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October 24, 2020

Science Cast

Bridging the gap between Scientists and the Public

Open is not forever: Over 170 Scientific Journals disappeared, 900 at risk

2 min read
Most of them went underground after 5 years of inactivity but some would bid adios under a year of no publishing. There are 900 more journals that are currently inactive. In the next five years, this would be gone too. With the continued ignorance of funding open access journals, I am note sure my kids would live to read any of my scientific work.

Credit: Phys.org

Imagine if you woke up one day and you can’t find your work online. This is your manuscript we are talking about. Some PhD stuff you have been working on for five years. 1-5 years in, there is no evidence you did such work. Gone!

Everyday, I worry about published content on this site would one day vanish from the internet. A lot of content in websites have dissapeared when the owner of the site doesn’t pay for hosting or renew ownership of the domain name: e.g sciencecast.co.ke.

Sharing scientific discoveries through scientific papers led to the invention of the Web. When the content is open access, then information is shared across with no restrictions meaning advancement in research.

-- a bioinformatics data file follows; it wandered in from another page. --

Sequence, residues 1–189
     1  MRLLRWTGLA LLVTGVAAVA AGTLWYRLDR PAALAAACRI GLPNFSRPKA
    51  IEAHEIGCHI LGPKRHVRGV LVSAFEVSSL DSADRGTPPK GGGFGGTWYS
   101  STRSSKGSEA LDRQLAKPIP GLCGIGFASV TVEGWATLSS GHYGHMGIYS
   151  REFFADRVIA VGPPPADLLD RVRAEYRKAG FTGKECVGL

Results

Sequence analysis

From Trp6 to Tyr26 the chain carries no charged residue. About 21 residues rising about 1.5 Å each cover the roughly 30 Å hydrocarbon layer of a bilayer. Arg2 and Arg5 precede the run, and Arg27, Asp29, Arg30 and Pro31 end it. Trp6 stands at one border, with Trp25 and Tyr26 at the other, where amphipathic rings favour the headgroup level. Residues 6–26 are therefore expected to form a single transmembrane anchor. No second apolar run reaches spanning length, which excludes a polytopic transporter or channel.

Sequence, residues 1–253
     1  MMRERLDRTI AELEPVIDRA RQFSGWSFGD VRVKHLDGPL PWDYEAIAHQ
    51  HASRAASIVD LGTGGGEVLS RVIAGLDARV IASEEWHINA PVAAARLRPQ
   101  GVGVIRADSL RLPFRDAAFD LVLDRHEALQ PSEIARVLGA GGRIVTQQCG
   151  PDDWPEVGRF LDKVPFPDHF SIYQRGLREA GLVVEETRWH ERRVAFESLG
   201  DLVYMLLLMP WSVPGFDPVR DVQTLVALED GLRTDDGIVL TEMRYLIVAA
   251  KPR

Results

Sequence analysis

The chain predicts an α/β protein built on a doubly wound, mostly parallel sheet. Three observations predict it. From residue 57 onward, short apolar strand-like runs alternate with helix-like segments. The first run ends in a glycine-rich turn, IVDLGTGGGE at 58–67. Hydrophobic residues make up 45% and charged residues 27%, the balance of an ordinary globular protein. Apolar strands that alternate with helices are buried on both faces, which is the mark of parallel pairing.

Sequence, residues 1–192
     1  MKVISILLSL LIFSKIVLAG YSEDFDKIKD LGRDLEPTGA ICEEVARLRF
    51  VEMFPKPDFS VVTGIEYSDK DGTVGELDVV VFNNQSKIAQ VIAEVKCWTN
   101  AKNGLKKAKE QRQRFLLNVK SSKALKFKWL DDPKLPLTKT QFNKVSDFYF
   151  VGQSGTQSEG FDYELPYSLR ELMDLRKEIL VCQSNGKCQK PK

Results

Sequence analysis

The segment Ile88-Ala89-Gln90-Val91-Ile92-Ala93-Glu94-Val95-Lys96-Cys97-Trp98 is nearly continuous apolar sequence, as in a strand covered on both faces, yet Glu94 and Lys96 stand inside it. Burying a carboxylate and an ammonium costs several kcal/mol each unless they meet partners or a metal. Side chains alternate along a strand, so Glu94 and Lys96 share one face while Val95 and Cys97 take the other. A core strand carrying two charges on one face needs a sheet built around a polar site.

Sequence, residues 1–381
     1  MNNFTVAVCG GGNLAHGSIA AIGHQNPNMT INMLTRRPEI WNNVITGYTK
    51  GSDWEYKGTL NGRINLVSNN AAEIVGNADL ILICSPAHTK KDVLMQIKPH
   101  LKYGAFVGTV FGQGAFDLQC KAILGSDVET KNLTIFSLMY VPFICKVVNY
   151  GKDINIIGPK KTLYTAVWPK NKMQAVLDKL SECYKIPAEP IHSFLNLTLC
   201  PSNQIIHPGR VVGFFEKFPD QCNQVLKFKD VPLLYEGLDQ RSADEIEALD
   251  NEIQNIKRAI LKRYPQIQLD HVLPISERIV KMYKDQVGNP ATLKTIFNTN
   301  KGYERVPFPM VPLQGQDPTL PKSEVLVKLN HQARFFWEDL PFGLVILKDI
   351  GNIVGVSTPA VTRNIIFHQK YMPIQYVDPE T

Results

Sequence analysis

Doing research in any subject takes a lot of time and energy. Sharing results means sharing knowledge for someone else to build on one’s research. This sharing has led to the rapid advancement of science and technology, thanks to internet.

According to a study done by Matthias and Laakso (27 August 2020), 176 Open access Scientific journals have vanished from the internet in the past 2 decades. Most of them were social sciences and humanities but life, health, physical sciences and mathematics journals weren’t spared. This doesn’t include subscription journals, meaning there is more than what meets the eye.

Most of them went underground after 5 years of inactivity but some would bid adios under a year of no publishing. There are 900 more journals that are currently inactive. In the next five years, this would be gone too. With the continued ignorance of funding open access journals, I am note sure my kids would live to read any of my scientific work.

There are digital archives that journals can subscribe to for their content to be duplicated but that requires an annual fee too. There is only one free archive, PKP PN which requires the journal to apply to be supported. The underfunding of preservation initiatives will kill the hard work people put in place to do research and will slow down advancement in science and Technology.

I can’t imagine repeating work done before that would have otherwise helped me save time and build on the researched item. Worse still, I get scared of the thought that my big jackpot and breakthrough in my research is hidden inside a subscription journal. Forget everything I said and imagine not being to publish work that would lead to eradication of cancer simply because I lacked publishing fee.

It’s time we supported open access initiatives with a little bit more vigor.

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